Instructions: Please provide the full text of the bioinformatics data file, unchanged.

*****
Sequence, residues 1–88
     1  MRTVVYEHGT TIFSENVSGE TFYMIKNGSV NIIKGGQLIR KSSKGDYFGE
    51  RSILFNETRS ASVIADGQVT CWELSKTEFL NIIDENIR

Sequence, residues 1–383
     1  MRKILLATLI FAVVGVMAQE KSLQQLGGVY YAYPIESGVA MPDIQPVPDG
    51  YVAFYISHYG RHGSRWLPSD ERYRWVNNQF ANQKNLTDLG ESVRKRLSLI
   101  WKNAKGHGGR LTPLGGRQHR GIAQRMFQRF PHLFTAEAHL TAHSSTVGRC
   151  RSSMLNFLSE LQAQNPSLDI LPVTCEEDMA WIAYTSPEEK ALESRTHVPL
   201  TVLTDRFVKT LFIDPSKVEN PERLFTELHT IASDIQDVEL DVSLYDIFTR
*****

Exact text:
Sequence, residues 1–88
     1  MRTVVYEHGT TIFSENVSGE TFYMIKNGSV NIIKGGQLIR KSSKGDYFGE
    51  RSILFNETRS ASVIADGQVT CWELSKTEFL NIIDENIR

Sequence, residues 1–383
     1  MRKILLATLI FAVVGVMAQE KSLQQLGGVY YAYPIESGVA MPDIQPVPDG
    51  YVAFYISHYG RHGSRWLPSD ERYRWVNNQF ANQKNLTDLG ESVRKRLSLI
   101  WKNAKGHGGR LTPLGGRQHR GIAQRMFQRF PHLFTAEAHL TAHSSTVGRC
   151  RSSMLNFLSE LQAQNPSLDI LPVTCEEDMA WIAYTSPEEK ALESRTHVPL
   201  TVLTDRFVKT LFIDPSKVEN PERLFTELHT IASDIQDVEL DVSLYDIFTR